NEW ORLEANS--Curcumin and sulindac(Drug information on sulindac) sulfone both can inhibit colon carcinogenesis in a rat model during the initiation and post-initiation stages. But a study from the American Association for Cancer Research meeting suggests that during the promotion and progression stages, only curcumin inhibits tumor development.
In the new study, Bandaru S. Reddy, DVM, PhD, chief of the Division of Nutritional Carcinogenesis at the American Health Foundation, Valhalla, NY, and his colleagues tested the tumor-inhibiting abilities of curcumin (the component of the spice turmeric that makes it orange yellow in color) and sulindac sulfone (an investigational NSAID).
All of the 6-week-old male F344 rats ate a control diet to start. One week into the experiment and again the following week, all rats received subcutaneous injections of azoxymethane, a chemical that can induce colon tumors. Fourteen weeks later, some rats were switched to diets containing curcumin or sulindac sulfone. The rats remained on the special diets for 36 weeks.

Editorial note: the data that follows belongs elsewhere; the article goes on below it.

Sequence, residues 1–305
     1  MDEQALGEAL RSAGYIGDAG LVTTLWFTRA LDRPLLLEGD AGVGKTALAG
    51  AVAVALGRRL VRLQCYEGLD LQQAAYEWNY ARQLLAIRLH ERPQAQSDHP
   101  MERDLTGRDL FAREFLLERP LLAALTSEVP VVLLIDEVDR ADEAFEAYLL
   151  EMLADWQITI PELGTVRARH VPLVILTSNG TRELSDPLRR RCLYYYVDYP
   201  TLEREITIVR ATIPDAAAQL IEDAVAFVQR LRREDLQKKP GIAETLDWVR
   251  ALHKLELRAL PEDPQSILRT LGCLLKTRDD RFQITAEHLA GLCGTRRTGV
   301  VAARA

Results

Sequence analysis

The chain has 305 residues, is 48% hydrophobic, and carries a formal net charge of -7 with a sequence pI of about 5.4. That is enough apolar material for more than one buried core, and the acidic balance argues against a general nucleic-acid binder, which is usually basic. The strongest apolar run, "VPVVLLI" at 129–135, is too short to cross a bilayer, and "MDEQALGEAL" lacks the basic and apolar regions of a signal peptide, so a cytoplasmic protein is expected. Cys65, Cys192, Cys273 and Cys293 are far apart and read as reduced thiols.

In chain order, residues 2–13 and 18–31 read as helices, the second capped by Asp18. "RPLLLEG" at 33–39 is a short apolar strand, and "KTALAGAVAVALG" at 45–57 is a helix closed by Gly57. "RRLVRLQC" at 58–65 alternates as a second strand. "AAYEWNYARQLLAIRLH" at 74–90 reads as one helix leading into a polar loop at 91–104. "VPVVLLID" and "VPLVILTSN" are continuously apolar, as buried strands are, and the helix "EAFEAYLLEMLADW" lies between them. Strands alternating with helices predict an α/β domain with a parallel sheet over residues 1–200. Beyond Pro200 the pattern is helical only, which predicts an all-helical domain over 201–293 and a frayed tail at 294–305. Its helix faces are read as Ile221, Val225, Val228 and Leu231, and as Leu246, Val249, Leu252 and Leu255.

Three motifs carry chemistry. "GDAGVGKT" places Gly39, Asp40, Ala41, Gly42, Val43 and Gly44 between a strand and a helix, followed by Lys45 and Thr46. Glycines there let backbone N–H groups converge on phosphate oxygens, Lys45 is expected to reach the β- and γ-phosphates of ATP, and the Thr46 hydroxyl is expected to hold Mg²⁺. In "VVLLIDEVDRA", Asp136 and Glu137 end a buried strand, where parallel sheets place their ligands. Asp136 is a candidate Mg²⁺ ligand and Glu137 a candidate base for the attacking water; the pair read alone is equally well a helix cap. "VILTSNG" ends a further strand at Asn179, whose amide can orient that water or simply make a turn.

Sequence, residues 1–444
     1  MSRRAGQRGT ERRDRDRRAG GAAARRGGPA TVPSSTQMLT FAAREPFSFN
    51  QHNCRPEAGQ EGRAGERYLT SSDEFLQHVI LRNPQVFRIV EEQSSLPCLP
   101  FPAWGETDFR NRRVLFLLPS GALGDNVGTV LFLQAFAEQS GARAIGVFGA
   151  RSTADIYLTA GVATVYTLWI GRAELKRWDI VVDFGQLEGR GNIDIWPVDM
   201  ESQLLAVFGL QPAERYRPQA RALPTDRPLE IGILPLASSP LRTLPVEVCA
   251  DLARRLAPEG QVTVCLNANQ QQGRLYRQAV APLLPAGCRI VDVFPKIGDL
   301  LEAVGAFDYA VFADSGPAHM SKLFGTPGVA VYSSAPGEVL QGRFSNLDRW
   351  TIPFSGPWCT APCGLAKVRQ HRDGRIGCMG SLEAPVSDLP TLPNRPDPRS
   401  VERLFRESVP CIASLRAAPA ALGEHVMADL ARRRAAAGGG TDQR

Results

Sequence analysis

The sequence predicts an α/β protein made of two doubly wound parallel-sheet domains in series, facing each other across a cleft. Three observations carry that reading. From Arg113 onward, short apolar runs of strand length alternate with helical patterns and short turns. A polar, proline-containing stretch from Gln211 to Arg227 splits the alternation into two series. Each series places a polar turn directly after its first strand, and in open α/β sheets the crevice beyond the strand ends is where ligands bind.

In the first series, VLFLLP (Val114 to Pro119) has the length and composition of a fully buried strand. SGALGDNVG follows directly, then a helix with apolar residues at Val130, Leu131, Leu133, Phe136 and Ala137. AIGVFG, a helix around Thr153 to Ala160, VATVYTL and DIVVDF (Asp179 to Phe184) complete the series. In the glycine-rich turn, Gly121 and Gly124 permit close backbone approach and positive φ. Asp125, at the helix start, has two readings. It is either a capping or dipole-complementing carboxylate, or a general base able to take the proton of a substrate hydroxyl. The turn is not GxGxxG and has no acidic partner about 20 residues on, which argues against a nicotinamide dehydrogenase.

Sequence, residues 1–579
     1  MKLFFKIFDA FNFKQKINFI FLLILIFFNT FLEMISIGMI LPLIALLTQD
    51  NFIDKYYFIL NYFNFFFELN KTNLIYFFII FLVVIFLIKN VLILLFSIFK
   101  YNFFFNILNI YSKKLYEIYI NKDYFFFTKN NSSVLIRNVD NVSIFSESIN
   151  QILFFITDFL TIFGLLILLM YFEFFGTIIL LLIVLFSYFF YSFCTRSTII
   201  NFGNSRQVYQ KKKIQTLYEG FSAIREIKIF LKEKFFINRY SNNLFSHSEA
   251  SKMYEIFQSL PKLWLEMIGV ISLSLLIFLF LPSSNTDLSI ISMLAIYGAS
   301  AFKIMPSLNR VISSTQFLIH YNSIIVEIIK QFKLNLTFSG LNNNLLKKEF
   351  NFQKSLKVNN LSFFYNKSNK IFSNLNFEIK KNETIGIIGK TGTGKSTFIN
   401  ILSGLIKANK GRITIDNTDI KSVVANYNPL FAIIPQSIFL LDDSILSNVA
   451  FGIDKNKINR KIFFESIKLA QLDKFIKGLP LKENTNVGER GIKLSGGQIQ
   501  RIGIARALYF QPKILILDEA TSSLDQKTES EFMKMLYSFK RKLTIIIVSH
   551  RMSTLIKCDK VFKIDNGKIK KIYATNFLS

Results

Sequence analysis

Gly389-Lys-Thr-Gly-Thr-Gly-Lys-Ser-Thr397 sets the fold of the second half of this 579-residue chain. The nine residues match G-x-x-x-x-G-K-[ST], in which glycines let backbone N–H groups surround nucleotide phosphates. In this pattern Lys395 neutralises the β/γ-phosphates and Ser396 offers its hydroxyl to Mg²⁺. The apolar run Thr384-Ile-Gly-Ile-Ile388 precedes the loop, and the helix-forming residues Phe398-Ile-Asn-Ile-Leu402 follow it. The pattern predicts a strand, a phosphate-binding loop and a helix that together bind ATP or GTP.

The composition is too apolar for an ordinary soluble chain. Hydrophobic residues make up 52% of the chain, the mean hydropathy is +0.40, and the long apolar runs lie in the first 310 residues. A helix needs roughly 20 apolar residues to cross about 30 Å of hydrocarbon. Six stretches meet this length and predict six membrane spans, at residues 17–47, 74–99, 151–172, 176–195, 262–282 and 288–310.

The results strongly suggest that curcumin can inhibit cancer during the promotion stage, Dr. Reddy said at a press conference. Most (85%) of the control rats developed colon cancers, an average of 1.91 tumors each. Of rats that took in 0.6% of their diet as curcumin, just 57% developed cancers, with an average of 0.77 tumors per rat. A second group of rats ate a 0.2% curcumin diet; 61% developed tumors, with an average of 1.28 tumors each. Those on a 0.12% sulindac sulfone diet differed little from the controls; 78% developed tumors, with an average 1.44 tumors each.
This study suggests that curcumin could be a promising treatment for polyps, Dr. Reddy said. Some cancer centers in the United States are now running clinical trials of curcumin in the prevention of colon cancer.